After alternating between pleading and chastisement, I got this photo:photo

At least Ella smiled. Julia, it seems, cannot smile and hold still the same time. They are, it would appear, mutually exclusive. I begged her to Just Stand Still and, nope. Every single one she’s wiggling. Blurry. Like, about to come out of her skin.

So, I’m going on record here: if you are thinking that at some point I’m going to start posting beautiful photos, attended to by witty narrative that catalogs our near-perfect life, um, best to move on.

This is how we roll around here.  Whether it is bulldogs or a career in The Agency, if something makes you happy you wiggle and can’t hold still; you take unflattering photographs that capture life in blurry lines, because our life is lived largely out of focus. We see as if in a mirror, and dimly.

It’s why God’s grace is such a big deal in our house.


An Unlikely Place To Start

I have to admit to equal parts trepidation and ambivalence as I set out on this, my maiden voyage into the world of blogging.

I’m excited too, don’t get me wrong. It’s just that I’ve spent most of my life talking too much and finally, at the ripe old age of 44, I finally prefer to listen. I loiter on favorite blogs, trying genuinely to hear what is being said, especially the comments and all the beautiful diverse voices. Sometimes it makes my head spin and my heart palpitate, trying to hold them all at the same time — the hopeful voices and the hurting ones, the ones shrouded in anger and fear and the ones that just can’t grasp their own privilege. The voices that captivate me most and keep me coming back are the vulnerable ones. They never tell anyone what to do | believe | feel | think; they just speak their true and hold the space and I hope to be like that too.

I have been a writer all my life and a wide-eyed follower of Jesus for as long as I can remember. My journey is replete with giddy seasons of faith followed hard on the heels by long stretches of doubt. My pursuit of God is ever an elixir of delight, despair and determination and always, always words. Even when I am speechless, there, beneath the surface, words dance and dissipate, forming and reforming to try to apprehend the Holy and speak myself into existence.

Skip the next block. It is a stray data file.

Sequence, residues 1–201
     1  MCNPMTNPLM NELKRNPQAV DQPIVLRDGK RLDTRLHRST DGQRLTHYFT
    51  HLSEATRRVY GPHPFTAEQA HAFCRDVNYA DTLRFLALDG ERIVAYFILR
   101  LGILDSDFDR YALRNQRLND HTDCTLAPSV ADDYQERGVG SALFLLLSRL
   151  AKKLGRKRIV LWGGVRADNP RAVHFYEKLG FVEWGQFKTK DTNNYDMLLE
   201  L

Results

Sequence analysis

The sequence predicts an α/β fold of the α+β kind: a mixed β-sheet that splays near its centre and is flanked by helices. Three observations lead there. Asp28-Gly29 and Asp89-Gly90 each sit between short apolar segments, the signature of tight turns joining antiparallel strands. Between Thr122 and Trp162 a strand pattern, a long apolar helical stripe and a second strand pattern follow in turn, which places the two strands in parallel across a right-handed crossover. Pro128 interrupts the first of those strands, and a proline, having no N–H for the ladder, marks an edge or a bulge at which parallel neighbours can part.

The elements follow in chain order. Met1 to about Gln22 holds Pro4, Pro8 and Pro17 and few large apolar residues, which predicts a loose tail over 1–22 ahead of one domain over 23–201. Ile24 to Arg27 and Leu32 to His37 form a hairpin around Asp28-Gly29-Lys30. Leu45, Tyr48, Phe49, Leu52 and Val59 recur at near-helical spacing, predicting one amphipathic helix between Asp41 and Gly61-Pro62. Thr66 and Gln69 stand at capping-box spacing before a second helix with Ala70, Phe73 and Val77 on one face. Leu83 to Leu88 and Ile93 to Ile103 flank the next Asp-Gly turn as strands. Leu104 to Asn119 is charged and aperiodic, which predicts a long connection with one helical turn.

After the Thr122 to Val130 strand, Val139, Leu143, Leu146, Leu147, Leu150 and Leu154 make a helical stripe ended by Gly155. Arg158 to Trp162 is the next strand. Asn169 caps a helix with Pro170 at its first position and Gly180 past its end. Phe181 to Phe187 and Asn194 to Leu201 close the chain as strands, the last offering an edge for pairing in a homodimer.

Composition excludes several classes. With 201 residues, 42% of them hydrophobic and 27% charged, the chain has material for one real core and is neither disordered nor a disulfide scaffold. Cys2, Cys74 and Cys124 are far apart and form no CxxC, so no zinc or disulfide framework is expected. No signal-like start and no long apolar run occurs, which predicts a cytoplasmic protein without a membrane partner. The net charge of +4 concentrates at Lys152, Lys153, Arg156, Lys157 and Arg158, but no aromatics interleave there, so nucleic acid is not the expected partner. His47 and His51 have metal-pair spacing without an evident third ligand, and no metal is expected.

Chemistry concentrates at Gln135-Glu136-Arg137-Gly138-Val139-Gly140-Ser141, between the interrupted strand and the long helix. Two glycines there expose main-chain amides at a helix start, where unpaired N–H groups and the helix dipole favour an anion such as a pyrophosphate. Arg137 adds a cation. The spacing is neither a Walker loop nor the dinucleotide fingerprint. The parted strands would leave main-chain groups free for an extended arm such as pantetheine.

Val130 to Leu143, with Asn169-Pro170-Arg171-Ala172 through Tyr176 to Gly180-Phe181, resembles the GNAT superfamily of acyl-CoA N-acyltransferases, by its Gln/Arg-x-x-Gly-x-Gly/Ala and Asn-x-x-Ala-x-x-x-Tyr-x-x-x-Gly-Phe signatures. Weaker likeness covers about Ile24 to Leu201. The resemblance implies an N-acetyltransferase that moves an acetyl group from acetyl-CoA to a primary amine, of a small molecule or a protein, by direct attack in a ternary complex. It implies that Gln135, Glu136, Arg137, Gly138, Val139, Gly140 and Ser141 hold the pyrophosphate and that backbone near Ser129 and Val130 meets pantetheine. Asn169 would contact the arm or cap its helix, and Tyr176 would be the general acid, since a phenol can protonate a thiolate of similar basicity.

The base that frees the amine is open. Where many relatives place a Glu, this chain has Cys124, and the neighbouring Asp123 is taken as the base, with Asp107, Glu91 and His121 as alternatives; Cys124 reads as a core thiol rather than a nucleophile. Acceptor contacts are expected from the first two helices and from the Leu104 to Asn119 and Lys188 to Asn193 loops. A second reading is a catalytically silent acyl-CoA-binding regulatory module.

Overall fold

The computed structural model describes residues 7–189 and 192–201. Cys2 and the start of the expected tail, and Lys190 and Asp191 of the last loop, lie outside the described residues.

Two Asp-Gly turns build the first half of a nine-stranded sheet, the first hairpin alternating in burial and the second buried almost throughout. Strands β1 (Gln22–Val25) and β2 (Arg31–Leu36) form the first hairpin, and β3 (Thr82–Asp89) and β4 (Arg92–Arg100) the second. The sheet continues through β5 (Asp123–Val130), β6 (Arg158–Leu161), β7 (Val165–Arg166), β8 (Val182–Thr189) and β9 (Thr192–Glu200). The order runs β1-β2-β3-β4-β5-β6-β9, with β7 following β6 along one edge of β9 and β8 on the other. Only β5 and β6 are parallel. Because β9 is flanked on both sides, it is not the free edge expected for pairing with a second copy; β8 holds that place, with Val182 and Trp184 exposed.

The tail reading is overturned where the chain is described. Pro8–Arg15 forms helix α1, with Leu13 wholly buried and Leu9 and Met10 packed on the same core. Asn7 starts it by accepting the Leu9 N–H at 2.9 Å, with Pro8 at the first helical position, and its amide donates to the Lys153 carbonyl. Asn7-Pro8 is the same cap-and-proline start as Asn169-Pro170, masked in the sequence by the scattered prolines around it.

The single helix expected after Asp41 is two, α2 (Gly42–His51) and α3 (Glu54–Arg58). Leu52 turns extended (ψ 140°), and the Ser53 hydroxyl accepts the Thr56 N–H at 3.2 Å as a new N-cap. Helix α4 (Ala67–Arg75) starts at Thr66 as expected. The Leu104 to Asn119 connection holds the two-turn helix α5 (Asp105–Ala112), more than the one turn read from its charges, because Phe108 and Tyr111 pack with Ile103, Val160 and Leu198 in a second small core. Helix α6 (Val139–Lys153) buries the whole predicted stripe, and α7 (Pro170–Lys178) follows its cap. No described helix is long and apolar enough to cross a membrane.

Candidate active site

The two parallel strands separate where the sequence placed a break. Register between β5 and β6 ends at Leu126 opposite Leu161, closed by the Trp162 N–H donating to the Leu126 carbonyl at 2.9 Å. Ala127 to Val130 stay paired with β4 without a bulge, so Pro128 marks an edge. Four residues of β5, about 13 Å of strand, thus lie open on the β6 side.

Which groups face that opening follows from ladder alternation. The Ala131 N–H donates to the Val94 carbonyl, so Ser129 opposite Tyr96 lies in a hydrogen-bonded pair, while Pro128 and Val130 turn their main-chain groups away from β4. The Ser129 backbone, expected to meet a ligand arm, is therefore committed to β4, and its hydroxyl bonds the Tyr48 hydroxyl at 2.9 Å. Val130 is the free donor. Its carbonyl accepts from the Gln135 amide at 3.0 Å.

In the past few years, my love affair with words has taken a new turn into sacred poetry. Because you see, when biblical authors want you to sit up and take notice, they use poetry.

Poetry captivates us from word one, as God creates heaven and earth in Genesis 1 and as the first man discovers the woman is his true partner in Genesis 2. Hannah’s poem in 1 Samuel shapes messianic theology so profoundly that Jesus’ mother will rely on it centuries later to interpret the angel’s oracle concerning the child in her womb. Jesus himself, at the darkest moment of his life, will reach backwards to the Psalms to articulate his confusion and grief, giving us a prime example of how the Psalms function to give us, 2000 years later, an authentic voice.

For many Christians, the poetry of the Psalms is seen as an arcane literary form, inaccessible and anachronistic. We have left the Psalms to the experts, and thus have lost an essential tool for articulating our own grief, praise, doubt and faith, and for hearing God reply with fresh words meant just for us.

I had lost the Psalms. They were boring and unintelligible except for a few isolated verses here and there.  Then my pastor, now my friend, gave them back to me and I haven’t been the same since. The Psalms have taught me to speak true, to sing sour, to lament and grieve, to hold the tensions of my Christian faith and allow others to do the same.

I hope to share with you some of my journey. I wrote it all into a book that is going to be published this summer, and I hope to share pieces of it here. Mostly I hope to be a place where conversation can happen, where faith doubts and hopes. I’m mostly hoping that as I share my interior travels, you’ll want to share some of yours — the stories and sacred poems that can tell the rest of us who you are and what your life means today.